CAR RESPRAY: Has It Been Resprayed Before(1st Body)?


If you've ever accompanied a friend to purchase a car alongside their mechanic/technician you'd have probably heard a statement along this line, "Is the car 1st body? has it been painted before?" or you hear "Oga/Madam, the car no be 1st body. dem don respray am". The person is basically saying the car has been resprayed at one point or the other.
Now, most local mechanics/technicians would tell you not to buy cars that have been resprayed before, and most buyers, following that basic thought process; will adhere to that suggestion not even stopping for a minute to analyze the reason given by the mechanic. Most times, these guys don't even bother to check the reason for the respray before condemning the car based on this unreasonable reason.
We do suggest that respraying a car is akin to repainting a house or polishing ones shoe. Imagine using a shoe for a weak everyday and not bothering to polish it; how would you look?
Imagine a house being lived in for 10 years without some form of repainting or renovation; how would it look at that point? Now, imagine how a car manufactured, for instance in 2005(10 YEARS AGO), and not resprayed since then will look by now; definitely not as clean as it used to be. So why would anyone buying a car over 10 years old quickly refuse buying a car that has been repainted? we will tell you why that happens most of the time in this clime.
Over years, a lot of car dealers have built a reputation of being very devious in their car sales. They hardly tell the truth about the state of the cars on sale, and sometimes even sell scrap as cars. In the last few years, and with the rapid penetration of internet in the country, people are becoming smarter to check cars history online before purchasing them. However, some tricks will always be there to be pulled by some dealers. However, there are many straight-forward dealers out there. The main reason why some local mechanics/technicians would tell you NEVER to buy a resprayed/repainted car is because they believe all cars resprayed have been involved in an accident, fixed badly, and resprayed for sale.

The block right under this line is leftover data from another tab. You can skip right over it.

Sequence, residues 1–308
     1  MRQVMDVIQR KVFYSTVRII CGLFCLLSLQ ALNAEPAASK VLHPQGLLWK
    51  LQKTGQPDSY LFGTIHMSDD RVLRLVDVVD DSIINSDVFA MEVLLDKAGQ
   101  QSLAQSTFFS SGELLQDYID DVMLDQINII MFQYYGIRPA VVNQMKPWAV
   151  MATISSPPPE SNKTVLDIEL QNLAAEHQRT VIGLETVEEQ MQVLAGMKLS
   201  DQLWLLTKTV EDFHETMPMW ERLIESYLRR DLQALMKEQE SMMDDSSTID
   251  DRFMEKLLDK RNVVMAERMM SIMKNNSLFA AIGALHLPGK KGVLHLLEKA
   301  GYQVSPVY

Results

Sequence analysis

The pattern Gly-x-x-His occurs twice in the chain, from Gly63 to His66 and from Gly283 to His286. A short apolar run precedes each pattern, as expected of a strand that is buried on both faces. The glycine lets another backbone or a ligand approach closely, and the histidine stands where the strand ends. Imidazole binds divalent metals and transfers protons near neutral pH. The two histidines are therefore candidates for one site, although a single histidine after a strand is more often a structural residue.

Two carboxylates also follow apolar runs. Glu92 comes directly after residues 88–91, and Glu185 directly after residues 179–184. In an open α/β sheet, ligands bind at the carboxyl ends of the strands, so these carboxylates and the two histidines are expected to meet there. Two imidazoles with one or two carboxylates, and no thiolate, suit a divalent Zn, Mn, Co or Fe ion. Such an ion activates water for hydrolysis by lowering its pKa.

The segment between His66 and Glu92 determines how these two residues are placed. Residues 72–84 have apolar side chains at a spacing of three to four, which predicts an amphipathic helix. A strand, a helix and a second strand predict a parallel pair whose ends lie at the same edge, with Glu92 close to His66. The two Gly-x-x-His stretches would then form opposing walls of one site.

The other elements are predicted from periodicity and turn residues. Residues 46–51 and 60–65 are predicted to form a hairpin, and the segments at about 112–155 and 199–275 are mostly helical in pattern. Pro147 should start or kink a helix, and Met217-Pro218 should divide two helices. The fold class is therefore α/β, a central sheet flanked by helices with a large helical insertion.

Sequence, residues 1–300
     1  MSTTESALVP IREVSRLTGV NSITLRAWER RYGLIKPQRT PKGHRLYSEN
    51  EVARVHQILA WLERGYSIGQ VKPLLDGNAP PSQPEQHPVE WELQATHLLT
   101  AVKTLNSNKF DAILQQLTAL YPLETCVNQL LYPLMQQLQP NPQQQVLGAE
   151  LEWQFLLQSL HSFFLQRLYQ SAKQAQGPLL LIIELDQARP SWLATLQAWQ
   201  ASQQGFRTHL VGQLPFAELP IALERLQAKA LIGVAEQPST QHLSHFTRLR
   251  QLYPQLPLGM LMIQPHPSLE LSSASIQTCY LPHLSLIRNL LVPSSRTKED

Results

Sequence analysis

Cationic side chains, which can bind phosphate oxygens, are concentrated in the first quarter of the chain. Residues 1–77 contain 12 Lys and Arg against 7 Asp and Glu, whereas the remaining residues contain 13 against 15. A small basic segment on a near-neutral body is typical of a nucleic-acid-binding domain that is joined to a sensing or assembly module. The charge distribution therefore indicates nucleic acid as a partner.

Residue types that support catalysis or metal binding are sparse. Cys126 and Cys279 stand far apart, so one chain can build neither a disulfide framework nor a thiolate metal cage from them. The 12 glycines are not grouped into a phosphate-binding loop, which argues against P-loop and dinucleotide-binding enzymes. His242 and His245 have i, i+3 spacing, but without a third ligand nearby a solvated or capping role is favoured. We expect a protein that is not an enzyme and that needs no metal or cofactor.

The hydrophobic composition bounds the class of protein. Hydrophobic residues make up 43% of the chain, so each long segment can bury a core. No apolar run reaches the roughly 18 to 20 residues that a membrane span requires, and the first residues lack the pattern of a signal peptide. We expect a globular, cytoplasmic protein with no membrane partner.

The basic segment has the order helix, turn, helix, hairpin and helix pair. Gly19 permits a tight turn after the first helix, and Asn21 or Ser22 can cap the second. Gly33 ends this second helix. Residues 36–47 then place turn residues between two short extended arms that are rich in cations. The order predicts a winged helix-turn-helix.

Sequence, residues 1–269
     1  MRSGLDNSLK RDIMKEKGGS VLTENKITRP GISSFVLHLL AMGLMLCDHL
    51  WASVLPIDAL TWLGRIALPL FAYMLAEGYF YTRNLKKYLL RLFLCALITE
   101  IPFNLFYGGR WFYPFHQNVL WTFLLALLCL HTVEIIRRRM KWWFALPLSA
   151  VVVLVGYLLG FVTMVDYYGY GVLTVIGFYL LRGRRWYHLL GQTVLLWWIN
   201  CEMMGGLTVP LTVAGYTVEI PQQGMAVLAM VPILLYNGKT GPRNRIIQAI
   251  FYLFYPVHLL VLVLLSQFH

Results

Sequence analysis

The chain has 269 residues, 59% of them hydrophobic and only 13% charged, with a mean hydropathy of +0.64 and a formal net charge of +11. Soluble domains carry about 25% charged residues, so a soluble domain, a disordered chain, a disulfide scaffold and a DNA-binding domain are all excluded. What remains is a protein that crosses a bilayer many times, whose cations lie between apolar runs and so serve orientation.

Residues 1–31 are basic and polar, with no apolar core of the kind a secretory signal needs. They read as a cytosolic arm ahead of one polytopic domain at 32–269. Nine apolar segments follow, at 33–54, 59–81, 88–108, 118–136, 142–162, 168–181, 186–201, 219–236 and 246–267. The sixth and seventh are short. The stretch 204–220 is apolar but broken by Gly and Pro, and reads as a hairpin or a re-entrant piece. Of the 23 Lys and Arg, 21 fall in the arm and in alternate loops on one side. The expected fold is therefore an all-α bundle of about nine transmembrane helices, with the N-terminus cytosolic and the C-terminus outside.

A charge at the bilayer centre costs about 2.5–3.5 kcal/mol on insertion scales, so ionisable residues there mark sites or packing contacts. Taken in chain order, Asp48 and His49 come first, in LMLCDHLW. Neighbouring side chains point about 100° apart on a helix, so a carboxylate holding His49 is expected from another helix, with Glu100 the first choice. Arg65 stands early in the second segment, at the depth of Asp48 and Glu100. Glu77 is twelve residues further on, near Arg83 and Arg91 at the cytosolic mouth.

However, this popular notion is true in some cases and false on some other days. There are a couple of reasons why a owner of a car would decide to spray their car before sale.

1. The cars paint is looking old and they want to respray it so it looks new again for the new buyer.
2. it has been accident-ed and after fixing its resprayed before sale.
3. The owner doesn't like the color it came with and wants to spray it to their favorite color.

Looking at the 3 possible reasons for respraying a car for resale above, it's wise to say that the best way to buy a car is to always check the car thoroughly and physically with a very learned technician. if it's been resprayed ask for the reason why it was resprayed; if the reason is inline with reason 2 above, confirm that by inspecting it physically and determining the extent of the accident prior to the respray. If it isn't much of an accident e.g a minor fender, door dent or bumper scar etc then its nothing to worry about once confirmed. We all know there are some people who are very finicky about how clean of scratches their cars must be at all times. Such people tend to respray their cars at regular intervals e.g annually or quarterly etc
The basic rule is to inspect or have someone physically inspect the car to ascertain that it is in a great driving state and look. Many people have lost good bargains on cars because they heard it was resprayed and immediately backed out on the bargain. Besides, a resprayed car does not mean the Engines and transmission are damaged or affected in anyway. These are actually the two most important things to check first when buying a car.


So next time when you hear "It has been resprayed" don't run just yet as it makes no sense. ask why it was resprayed and go check it out physically to ascertain the reason for the repainting. You most likely would be getting a better bargain.

- Viperman